This paper reports on two experimental studies designed to assess how Tuscumbia limestone from northwestern Alabama responds to heating. Experimentally derived fire-cracked rock was examined petrographically in order to develop physical correlates for thermal alteration. The experimental samples were then compared to archaeological samples taken from the Late Paleoindian through Middle Archaic site of Dust Cave, Alabama, to determine whether or not the limestone found there deserves a designation as fire-cracked rock. Results suggest that Dust Cave's occupants made use of locally available Tuscumbia limestone as part of their cooking and processing technologies rather than transporting more distant Tennessee River cobbles to the site. Results further suggest that the cave's occupants preferentially selected massively bedded varieties of Tuscumbia limestone over more thinly bedded varieties due to its higher tolerance for thermal stress and overall greater resistance to degradation during use.
Fire-cracked rock (FCR) servedA an important and flexible purpose in prehistoric technologies. The archaeological and ethnographic literature is replete with examples of rock use as heating elements in roasting ovens, heat "radiators" for drying and processing food, sources of steam in sweat lodges, and boiling implements in cooking (Dering 1999; House and Smith 1975; Rapp et al. 1999; Sassaman 1993; Thorns 1989; Wandsnider 1997). Unfortunately, FCR has historically been an understudied-and arguably undervalued-artifact class compared to flaked and ground stone tools (Wilson and DeLyria 1999). And because of its shear abundance and cumbersome nature, FCR is often cursed for its space consumption rather than embraced for its interpretive potential.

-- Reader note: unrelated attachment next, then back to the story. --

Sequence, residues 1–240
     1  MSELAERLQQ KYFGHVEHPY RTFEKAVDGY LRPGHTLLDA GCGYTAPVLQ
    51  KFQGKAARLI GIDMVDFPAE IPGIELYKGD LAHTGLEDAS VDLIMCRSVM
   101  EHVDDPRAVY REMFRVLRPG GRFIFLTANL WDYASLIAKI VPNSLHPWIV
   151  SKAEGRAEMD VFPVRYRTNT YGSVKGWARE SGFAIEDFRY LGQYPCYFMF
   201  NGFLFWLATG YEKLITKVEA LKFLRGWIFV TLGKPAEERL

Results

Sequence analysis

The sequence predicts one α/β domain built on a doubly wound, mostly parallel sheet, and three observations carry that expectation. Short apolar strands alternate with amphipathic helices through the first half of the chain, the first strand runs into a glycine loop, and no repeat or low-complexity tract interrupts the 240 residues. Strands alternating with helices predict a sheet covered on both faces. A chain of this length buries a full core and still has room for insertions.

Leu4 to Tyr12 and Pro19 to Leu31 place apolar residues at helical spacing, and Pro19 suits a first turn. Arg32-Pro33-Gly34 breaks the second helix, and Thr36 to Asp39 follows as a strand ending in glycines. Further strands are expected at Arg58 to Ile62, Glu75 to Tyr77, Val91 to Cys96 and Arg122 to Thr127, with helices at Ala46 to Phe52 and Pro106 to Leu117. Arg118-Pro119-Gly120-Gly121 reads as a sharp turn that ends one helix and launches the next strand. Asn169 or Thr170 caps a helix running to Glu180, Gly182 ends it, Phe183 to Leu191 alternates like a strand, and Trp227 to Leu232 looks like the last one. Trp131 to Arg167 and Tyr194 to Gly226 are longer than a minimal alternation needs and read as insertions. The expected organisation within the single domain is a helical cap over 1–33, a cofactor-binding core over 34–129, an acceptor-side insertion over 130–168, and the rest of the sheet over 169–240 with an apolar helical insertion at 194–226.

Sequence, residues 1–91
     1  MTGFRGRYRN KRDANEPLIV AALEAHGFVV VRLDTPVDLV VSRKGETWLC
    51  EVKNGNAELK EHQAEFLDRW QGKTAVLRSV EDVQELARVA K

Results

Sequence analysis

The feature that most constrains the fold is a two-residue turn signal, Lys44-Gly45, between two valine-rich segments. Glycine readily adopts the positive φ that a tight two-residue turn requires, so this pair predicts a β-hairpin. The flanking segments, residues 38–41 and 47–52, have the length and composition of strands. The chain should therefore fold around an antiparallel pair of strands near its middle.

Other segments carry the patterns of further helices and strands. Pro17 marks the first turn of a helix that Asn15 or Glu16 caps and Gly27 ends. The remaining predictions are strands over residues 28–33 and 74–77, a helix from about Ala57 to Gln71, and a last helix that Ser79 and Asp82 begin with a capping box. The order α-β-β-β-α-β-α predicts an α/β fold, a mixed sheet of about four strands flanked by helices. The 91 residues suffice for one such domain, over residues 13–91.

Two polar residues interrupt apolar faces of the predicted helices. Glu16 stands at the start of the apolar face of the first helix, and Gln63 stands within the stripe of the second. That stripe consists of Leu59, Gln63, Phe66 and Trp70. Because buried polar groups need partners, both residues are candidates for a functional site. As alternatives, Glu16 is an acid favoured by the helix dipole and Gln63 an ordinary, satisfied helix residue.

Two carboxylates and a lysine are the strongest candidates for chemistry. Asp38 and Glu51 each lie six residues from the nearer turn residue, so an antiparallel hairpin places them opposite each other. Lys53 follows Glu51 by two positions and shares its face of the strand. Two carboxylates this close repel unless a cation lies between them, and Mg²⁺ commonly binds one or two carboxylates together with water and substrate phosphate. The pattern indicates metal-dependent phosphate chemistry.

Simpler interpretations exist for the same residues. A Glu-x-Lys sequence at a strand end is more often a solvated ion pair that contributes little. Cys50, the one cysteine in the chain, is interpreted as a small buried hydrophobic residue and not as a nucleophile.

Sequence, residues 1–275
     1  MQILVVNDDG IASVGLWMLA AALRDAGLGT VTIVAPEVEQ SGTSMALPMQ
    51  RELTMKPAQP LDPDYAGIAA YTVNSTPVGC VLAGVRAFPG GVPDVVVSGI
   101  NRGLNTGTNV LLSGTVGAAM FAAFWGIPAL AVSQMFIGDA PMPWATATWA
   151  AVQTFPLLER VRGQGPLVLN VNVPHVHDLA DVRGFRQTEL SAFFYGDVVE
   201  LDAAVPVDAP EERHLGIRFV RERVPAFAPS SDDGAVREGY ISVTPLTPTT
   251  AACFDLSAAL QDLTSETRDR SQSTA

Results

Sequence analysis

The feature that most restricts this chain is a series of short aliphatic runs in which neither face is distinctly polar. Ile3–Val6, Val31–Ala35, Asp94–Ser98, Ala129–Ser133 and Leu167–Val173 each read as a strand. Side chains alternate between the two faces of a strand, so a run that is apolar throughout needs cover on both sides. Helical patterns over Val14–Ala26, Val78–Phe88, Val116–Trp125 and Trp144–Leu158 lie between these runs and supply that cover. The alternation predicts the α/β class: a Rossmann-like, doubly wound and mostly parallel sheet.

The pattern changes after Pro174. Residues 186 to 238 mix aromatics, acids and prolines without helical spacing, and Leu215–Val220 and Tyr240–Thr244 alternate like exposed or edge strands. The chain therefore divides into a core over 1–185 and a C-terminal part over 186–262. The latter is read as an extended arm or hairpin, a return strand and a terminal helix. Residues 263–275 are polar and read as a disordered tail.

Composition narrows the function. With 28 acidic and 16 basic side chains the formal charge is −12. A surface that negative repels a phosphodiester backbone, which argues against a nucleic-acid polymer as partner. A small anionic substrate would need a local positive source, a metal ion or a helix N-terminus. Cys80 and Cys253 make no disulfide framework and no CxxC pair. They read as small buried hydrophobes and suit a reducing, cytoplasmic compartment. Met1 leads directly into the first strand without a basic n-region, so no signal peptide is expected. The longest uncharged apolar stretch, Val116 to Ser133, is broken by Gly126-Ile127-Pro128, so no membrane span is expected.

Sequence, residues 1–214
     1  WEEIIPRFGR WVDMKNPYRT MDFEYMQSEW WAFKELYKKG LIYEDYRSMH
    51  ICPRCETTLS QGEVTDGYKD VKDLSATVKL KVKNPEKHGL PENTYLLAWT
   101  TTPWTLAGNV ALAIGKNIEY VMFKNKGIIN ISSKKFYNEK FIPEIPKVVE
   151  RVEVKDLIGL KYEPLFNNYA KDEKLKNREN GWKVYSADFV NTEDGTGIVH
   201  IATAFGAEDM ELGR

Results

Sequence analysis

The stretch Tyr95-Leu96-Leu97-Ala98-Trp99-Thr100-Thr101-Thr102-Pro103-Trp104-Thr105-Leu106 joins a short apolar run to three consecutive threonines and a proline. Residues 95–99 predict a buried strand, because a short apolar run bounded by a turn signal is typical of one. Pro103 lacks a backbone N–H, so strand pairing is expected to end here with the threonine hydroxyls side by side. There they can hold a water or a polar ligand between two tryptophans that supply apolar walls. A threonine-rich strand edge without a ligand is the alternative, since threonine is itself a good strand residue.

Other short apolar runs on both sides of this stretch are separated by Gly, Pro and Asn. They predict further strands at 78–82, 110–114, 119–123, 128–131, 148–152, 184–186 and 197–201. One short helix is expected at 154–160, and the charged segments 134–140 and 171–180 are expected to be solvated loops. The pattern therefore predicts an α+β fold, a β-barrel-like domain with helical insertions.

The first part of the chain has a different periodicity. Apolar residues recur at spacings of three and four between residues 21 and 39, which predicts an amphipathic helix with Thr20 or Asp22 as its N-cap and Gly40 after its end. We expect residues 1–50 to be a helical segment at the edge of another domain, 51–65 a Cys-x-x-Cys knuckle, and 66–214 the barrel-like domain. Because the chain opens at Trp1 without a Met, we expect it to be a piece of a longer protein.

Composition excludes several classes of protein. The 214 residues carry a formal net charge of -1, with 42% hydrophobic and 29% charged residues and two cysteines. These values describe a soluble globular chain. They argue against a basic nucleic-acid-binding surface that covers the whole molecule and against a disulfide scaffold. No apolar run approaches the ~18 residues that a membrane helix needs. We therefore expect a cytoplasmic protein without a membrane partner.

As a result, the archaeological literature offers comparatively few robust discussions of the variability in FCR and only a few address the nuanced perspective that FCR research can impart to archaeologists' understanding of human behavior (Birk 1994; Hester 1991; Wilson and DeLyria 1999). Yet where such studies have been undertaken, particularly in southcentral Texas and the Pacific Northwest, they add greatly to our knowledge of prehistoric cooking and food-processing technologies (e.g., Birk 1994; Dering 1999; Hunziker 2006; Jackson 1998; Kritzer 1995; McDowell-Loudan 1983; Wendt 1988; Wilson and DeLyria 1999). For example, by studying the forms and rate of decomposition of FCR, Wilson and DeLyria (1999:87) concluded that significant quantities of labor and expertise were required to manage the raw materials necessary for large · scale camas roasting. Their experiments also allowed for the identification of stages of FCR use, from new rock, to recycled rock, to abandoned stones fractured beyond use. Other researchers such as Birk (1994) and Wendt (1988) have shown that preceramic populations had clear preferences for the rocks they chose as heating elements; understanding the selection criteria of FCR not only demonstrates that prehistoric cooks had a thorough knowledge of the performance characteristics of the rocks they used but also that stone cooking technologies may have required more foresight than initially meets the eye. As Wilson and DeLyria (1999:81) note, the "selection and management of rocks . . . were not trivial concerns for prehistoric households."
FCR is typically identified by one or more thermal alteration features, including irregular fracture surfaces, potlidding, and reddening (House and Smith 1995; Wilson and DeLyria 1999). These attributes have been well documented for igneous and metamorphic cobbles (e.g., quartzite), which frequently exhibit all three (House and Smith 1995; Rapp 1999). As such, they have become "iconic" characteristics of FCR. However, as this paper will show, sedimentary rocks such as sandstone and limestone do not necessarily display these same physical attributes (Bearden and Gallagher 1980; Rapp et al. 1999). Experimentation may perhaps be the most useful method for identifying and investigating FCR, for it has been shown that heated rocks may vary widely in appearance from region to region, depending on the raw material used (Wilson and DeLyria 1999). …